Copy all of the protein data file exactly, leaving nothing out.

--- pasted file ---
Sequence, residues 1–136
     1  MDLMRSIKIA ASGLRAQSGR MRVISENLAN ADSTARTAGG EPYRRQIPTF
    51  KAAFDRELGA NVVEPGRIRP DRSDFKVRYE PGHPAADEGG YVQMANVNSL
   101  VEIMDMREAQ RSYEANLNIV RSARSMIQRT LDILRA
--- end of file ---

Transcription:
Sequence, residues 1–136
     1  MDLMRSIKIA ASGLRAQSGR MRVISENLAN ADSTARTAGG EPYRRQIPTF
    51  KAAFDRELGA NVVEPGRIRP DRSDFKVRYE PGHPAADEGG YVQMANVNSL
   101  VEIMDMREAQ RSYEANLNIV RSARSMIQRT LDILRA